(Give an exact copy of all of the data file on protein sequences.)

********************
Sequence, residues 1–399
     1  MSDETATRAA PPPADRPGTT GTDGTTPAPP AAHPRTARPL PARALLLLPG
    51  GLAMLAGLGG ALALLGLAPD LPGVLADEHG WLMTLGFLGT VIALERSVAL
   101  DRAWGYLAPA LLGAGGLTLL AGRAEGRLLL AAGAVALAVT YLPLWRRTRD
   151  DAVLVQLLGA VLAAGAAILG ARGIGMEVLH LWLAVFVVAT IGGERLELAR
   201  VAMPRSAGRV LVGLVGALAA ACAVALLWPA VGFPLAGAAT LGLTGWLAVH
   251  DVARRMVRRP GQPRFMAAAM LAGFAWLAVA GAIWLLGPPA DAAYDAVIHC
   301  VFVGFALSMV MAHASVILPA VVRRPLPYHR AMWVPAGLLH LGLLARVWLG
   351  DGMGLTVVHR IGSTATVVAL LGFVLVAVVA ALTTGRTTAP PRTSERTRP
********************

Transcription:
Sequence, residues 1–399
     1  MSDETATRAA PPPADRPGTT GTDGTTPAPP AAHPRTARPL PARALLLLPG
    51  GLAMLAGLGG ALALLGLAPD LPGVLADEHG WLMTLGFLGT VIALERSVAL
   101  DRAWGYLAPA LLGAGGLTLL AGRAEGRLLL AAGAVALAVT YLPLWRRTRD
   151  DAVLVQLLGA VLAAGAAILG ARGIGMEVLH LWLAVFVVAT IGGERLELAR
   201  VAMPRSAGRV LVGLVGALAA ACAVALLWPA VGFPLAGAAT LGLTGWLAVH
   251  DVARRMVRRP GQPRFMAAAM LAGFAWLAVA GAIWLLGPPA DAAYDAVIHC
   301  VFVGFALSMV MAHASVILPA VVRRPLPYHR AMWVPAGLLH LGLLARVWLG
   351  DGMGLTVVHR IGSTATVVAL LGFVLVAVVA ALTTGRTTAP PRTSERTRP